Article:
My favorite part of Rotorua, though, was getting to chat with some of the people who work at the resort. I went with the chef, Eru, on a walk through the forest and he pointed out all the plants that the Maori use in their cooking including pikopiko, a young fern shoot; manuka (the plant which most of the NZ honey is made from); horopito, a peppery like leaf, kawakawa, a basily plant and this vine which tasted like asparagus. It was really interesting getting to chat with him about the different uses of the food and about his family and culture. Also, another guy who worked at the resort was so touched that I was working on tuatara conservation that he gave me a prayer in Maori from his iwi. I framed it and it sits beside my bed.

The best part of the trip, though was in Wellington. I got to introduce Mom to all of my friends and colleagues at the university and Sue showed us around so she got to see all the tuatara at Vic! She even got to hold Spike (the big male tuatara at Vic), see incubating eggs and see a week old hatchling! We also saw the botanical gardens, Te Papa and I took Mom to a rugby game. We agree, much more interesting than American football. Sorry, Dad. We also just watched a lot of “Firefly.” (Read: the entire series.)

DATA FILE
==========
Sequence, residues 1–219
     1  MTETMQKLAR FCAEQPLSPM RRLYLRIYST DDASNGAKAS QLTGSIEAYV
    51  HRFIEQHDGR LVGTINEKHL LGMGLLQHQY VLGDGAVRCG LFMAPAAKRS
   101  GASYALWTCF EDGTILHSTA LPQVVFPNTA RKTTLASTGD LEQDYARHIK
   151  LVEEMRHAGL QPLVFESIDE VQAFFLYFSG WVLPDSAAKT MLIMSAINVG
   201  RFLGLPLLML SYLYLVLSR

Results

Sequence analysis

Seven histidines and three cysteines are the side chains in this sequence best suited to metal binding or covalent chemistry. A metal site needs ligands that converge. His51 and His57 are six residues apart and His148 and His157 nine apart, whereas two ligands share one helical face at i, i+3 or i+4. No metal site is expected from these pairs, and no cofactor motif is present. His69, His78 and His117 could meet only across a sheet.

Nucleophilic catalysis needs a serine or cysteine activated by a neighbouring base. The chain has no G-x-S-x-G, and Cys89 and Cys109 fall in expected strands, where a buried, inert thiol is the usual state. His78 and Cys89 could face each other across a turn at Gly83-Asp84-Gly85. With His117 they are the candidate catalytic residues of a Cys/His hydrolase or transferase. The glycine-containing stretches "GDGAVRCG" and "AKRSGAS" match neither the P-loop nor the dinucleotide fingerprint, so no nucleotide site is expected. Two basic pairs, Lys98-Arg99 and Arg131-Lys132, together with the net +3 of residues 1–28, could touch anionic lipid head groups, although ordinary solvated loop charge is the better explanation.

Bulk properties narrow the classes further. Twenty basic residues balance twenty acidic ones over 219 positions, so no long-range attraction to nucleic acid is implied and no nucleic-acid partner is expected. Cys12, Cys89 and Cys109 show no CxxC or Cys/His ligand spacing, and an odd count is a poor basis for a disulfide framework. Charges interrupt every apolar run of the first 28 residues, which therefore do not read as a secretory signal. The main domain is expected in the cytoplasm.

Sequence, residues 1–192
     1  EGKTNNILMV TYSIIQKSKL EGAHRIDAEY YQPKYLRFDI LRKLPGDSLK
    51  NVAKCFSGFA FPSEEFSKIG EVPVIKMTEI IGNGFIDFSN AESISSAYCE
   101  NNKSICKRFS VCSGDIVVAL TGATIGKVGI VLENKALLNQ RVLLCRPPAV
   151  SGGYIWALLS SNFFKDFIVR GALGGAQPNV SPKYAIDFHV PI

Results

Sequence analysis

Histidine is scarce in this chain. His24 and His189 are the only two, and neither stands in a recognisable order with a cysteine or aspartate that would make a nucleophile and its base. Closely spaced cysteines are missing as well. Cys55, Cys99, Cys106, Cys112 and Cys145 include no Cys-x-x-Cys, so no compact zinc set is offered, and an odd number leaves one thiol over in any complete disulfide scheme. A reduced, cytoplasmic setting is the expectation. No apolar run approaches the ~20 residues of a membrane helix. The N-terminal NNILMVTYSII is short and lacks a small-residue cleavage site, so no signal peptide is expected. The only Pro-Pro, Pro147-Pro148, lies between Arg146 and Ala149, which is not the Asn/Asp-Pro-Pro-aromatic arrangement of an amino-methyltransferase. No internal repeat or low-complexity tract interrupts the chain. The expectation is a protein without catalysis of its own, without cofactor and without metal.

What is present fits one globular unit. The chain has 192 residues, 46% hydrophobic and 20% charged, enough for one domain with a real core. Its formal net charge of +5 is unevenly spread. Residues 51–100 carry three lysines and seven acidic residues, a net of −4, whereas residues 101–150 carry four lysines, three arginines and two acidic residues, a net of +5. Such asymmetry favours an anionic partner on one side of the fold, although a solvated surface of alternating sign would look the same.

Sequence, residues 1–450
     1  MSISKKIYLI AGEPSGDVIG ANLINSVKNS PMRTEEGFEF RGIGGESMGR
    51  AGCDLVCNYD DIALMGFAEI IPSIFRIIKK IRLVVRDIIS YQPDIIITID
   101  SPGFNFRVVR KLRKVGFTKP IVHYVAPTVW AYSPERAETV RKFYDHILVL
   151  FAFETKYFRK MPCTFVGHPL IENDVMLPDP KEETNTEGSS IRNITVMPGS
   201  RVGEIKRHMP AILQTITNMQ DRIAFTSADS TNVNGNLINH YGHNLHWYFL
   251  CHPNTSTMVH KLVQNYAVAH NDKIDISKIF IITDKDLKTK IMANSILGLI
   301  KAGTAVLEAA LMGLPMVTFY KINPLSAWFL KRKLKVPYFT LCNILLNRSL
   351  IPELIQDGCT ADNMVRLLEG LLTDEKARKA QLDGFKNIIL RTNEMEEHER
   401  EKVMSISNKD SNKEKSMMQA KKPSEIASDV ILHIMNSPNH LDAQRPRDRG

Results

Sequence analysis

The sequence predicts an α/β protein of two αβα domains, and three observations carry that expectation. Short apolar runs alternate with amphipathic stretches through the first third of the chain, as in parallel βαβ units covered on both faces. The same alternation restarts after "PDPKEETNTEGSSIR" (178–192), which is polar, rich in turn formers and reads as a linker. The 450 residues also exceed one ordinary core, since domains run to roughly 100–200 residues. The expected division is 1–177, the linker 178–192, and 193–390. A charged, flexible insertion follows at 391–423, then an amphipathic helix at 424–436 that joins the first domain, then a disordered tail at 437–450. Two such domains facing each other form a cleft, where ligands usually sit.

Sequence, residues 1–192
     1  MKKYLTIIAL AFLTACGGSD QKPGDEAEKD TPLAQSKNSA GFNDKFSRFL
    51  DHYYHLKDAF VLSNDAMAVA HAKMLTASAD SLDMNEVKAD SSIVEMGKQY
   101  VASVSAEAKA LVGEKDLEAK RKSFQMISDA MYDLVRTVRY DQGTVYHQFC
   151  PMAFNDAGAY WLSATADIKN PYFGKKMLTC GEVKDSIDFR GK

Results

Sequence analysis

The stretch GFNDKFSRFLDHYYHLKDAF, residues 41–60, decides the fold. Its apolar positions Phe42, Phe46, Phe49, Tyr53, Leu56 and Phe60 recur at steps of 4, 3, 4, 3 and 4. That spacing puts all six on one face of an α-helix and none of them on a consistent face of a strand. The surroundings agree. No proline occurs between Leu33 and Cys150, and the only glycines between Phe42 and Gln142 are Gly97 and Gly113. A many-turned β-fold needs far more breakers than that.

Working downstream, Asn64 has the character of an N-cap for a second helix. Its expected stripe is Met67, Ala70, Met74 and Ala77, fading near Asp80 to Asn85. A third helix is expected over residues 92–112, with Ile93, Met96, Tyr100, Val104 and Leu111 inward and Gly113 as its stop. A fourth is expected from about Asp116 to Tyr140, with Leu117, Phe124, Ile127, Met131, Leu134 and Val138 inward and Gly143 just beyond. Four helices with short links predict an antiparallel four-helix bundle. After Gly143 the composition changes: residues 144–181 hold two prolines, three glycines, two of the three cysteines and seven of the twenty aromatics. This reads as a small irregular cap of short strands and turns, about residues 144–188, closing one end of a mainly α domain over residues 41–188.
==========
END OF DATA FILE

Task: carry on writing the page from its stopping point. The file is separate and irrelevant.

Miscellaneous: It was Julie’s birthday a couple weeks ago. We had a lot of fun making tons of cupcakes. They were delish. I am actually learning how to cook and bake. Who knew with my genetics that it was possible for me to make something edible, let alone yummy. To further this food knowledge, Julie took me to my very first food show. If you’re ever going to go to a food show, you should do it in a country that specializes in cheese, wine and olive oil. I’m still in heaven… On Julie’s birthday she bought a car, so the following week we took it up the Kapiti coast for a road trip. We saw some beautiful forests and beaches, and also ate nationally famous Kapiti ice cream. (Are you sensing the trend yet?) I am working off these calories though, hilariously, Julie and I play soccer every Tuesday with a group of people who work at the rock climbing/ kayak place. Suffice it to say, I’m certainly the least sporty person in the group.

- I have a plan for research!!!! Plus I’ve gotten to hold lots and lots of tuatara. My study organism is cuter than yours. And it comes in all different sizes.
- My mom loves me. New Zealand is gorgeous and I’m falling in love with Maori culture. Mom’s falling in love with Spike.
- Rugby >>>>> American football
- Be on the lookout for flying pigs: I’m cooking. And exercising.

Friday, May 28, 2010

The Good the Bad and the Ugly/Pretty: An introduction

My apologies for not having posted on this blog in a very very long time. I know that you have all been dying without news of my adventures in Kiwi land. (Ok, one person commented to me that they were having trouble procrastinating without my epic blog posts. Glad to know that my Fulbright is leading to a decline in productivity in the States.)

In order to keep from writing an incredibly lengthy ridiculous blog post with an epic summary, I am giving you three blog posts. I realize the overall length can't be changed but at least it won't be a solid block -- more summaries for those of you with busy lives.

So here they are: the good; the bad; and the ugly/pretty.

- my blog is good for procrastination
- 3 blog posts instead of 1!